A. Schmidt 1877 Category: Surirelloid
BASIONYM: Surirella cruciata A. Schmidt 1877
Contributor: Jana Veselá - November 2012
Length Range: 48–160 µm
Width Range: 24–61 µm
Striae in 10 µm: 19–29 in the center valve, 22–30 at the ends
Valves are obovoid with cuneate footpoles and broadly rounded headpoles. Valves are distinctly heteropolar in larger specimens, becoming less heteropolar in smaller specimens, with the valve length to width ratio ranging from 1.6 to 3.2. The valve face is distinctly and abruptly raised in the central third of the valve, depressed and shallowly concave in the apical thirds of the valve. The wings are well developed and raised prominently from the valve face. Raphe is situated in a raised raphe canal. The alar canals are narrower than the fenestrae, usually even in density throughout, but becoming occasionally variable in density in a single valve, 11–26 in 100 μm. The fenestrae are greater in hight than width in the central part of the wing, having 5–9 fenestral bars (8-9 in the middle part, 5 near apices), occluded or partially open between bars. The axial area is narrow, elevated in a shallow keel that is raised above the level of the porcae, without ornamentation or pores. The porcae are pronounced in the central part of valve, shallow and shortened in the outer thirds of the valve. The arrangement of porcae is opposite to alternate in the same valve. The porcae are unornamented, with a depression between porcae bearing minute granules, which are more or less visible in LM. The striae are bi- to triseriate, often becoming uniseriate towards the axial area and radiate at the apices. The areolae, 53–64 in 10 μm, are occluded externally, circular and opened with a small rim internally. Numerous silica plaques are present on the valve mantle near the edge with the valvocopula. The girdle bands are unornamented, thin and open. Chloroplasts were not observed.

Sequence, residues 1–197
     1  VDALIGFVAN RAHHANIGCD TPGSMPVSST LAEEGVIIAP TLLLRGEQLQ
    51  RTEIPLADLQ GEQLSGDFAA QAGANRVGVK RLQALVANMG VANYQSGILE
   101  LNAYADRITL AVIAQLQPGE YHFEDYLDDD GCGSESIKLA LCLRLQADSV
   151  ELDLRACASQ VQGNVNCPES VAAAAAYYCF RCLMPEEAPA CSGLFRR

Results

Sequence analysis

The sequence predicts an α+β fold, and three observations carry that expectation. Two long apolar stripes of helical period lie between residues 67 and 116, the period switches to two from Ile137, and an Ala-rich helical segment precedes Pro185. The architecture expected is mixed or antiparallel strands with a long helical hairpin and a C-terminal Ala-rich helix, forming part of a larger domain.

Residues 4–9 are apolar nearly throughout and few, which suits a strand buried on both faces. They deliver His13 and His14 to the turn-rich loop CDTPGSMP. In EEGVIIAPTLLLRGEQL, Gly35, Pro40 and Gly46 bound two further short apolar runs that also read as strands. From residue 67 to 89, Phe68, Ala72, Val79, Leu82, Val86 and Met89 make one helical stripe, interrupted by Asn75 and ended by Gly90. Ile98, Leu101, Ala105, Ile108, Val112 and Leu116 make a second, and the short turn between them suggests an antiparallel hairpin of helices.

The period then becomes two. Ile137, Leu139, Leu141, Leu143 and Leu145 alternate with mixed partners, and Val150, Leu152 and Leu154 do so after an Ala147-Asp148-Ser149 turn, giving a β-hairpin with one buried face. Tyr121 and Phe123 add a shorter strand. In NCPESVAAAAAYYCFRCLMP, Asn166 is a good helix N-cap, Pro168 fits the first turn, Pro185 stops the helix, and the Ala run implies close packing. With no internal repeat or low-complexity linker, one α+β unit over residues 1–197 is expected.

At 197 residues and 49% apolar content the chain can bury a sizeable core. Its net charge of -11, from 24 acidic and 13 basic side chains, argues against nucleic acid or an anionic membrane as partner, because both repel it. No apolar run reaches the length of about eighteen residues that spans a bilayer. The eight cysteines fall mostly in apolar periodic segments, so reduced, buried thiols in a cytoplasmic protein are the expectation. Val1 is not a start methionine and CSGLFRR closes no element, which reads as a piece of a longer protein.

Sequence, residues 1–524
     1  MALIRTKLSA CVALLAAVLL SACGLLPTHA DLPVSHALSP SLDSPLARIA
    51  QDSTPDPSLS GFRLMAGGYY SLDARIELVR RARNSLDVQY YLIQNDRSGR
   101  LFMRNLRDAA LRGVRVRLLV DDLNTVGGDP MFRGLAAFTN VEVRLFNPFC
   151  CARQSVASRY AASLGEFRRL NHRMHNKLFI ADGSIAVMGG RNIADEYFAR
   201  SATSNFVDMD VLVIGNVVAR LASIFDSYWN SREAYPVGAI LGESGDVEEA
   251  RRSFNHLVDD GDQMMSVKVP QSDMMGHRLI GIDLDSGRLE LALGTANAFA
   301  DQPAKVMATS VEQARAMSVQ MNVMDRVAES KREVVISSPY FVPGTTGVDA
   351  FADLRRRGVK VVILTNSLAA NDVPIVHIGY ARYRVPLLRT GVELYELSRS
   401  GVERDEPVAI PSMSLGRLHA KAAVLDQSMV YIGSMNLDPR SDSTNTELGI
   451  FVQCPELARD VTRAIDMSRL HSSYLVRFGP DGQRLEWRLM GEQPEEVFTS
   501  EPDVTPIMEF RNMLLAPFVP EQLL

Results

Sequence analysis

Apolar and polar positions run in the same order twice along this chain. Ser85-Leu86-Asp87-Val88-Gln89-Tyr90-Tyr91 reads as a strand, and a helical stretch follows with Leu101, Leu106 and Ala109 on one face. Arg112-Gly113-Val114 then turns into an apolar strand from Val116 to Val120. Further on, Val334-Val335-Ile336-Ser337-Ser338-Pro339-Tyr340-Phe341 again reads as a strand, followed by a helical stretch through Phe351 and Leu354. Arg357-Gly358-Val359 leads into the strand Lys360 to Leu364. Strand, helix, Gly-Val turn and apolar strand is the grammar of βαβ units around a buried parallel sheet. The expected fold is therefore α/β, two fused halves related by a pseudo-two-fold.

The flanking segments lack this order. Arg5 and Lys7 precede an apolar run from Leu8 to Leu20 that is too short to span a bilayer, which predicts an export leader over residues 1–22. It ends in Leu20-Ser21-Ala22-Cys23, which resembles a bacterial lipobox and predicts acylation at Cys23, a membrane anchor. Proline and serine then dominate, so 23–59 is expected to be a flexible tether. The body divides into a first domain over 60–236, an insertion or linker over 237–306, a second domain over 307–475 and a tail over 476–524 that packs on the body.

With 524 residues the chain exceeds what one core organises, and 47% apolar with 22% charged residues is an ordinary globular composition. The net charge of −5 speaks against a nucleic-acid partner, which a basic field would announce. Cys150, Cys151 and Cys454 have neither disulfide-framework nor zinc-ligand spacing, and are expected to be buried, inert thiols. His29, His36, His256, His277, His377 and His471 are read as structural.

Basionym: Surirella cruciata
Author: A. Schmidt 1877
Length Range: (Measured by us from the original drawings): 75.5-80.3 µm
Width Range: (Measured by us from the original drawings): 38.3-39.8 µm
Striae in 10 µm:
No written description is given in the publication.
Boyer, C.S. (1895). Diatomaceous deposit from an artesian well at Wildwood, N. J. Bulletin of the Torrey Botanical Club 22: 260–266.
Boyer, C.S. (1916). The Diatomaceae of Philadelphia and vicinity. Reprinted 1973 by Henry Tripp, Inc., Lafargeville, New York. 143 pp, 40 pl.
Boyer, C.S. (1927). Synopsis of North American Diatomaceae, Part II. – Naviculatae, Surirellatae. Proceedings of The Academy of Natural Sciences of Philadelphia 79: 229– 583.
Schmidt, A. (-). (1874-1959). Atlas der Diatomaceen-Kunde, von Adolf Schmidt, continued by Martin Schmidt, Friedrich Fricke, Heinrich Heiden, Otto Muller, Friedrich Hustedt. Reprint 1984, Koeltz Scientific Books, Konigstein, 480 plates.
Veselá, J., Johansen, J.R. and Potapova, M. (2013). Surirella terryi and S. cruciata: two rare diatoms in North America. Diatom Research . 10.1080/0269249X.2013.853697
Wolle, F. (1890). Diatomaceae of North America. The Commenius Press, Bethlehem, Pennsylvania. 47 pp., 112 pl.
S. cruciata was observed in 11 freshwater localities in northeastern North America (including 6 sites in Maine; Sycamore Lake, NJ; Hamlin’s Pond, CT; Grays Ferry, PA; Little Simon Pond, NY; and a pond in Nova Scotia, Canada), and in Lake Ozette in Washington State on the west coast of the USA. In addition to the clearly freshwater habitats, S. cruciata was also found in 3 freshwater habitats with clear marine intrusions, as evidenced by the presence of both strictly freshwater and strictly marine taxa. These sites of unclear or variable salinity included Pensacola in Florida, Delaware River in New Jersey and Nanticoke River in Delaware. The specimens from the localities with marine–brackish influence tended to be smaller [48–82(92) μm long, 24–42 μm wide] and had slightly finer striation (26–29 in 10 μm) compared with the populations from strictly freshwater habitats (62–160 μm long, 27–61 μm wide, 19–29 striae in 10 μm). The populations from Nova Scotia, Canada, and New York State, USA, also appeared distinctive, having a larger length to breadth ratio than the other freshwater populations. The New York populations were also evidently more granular on their valve surfaces.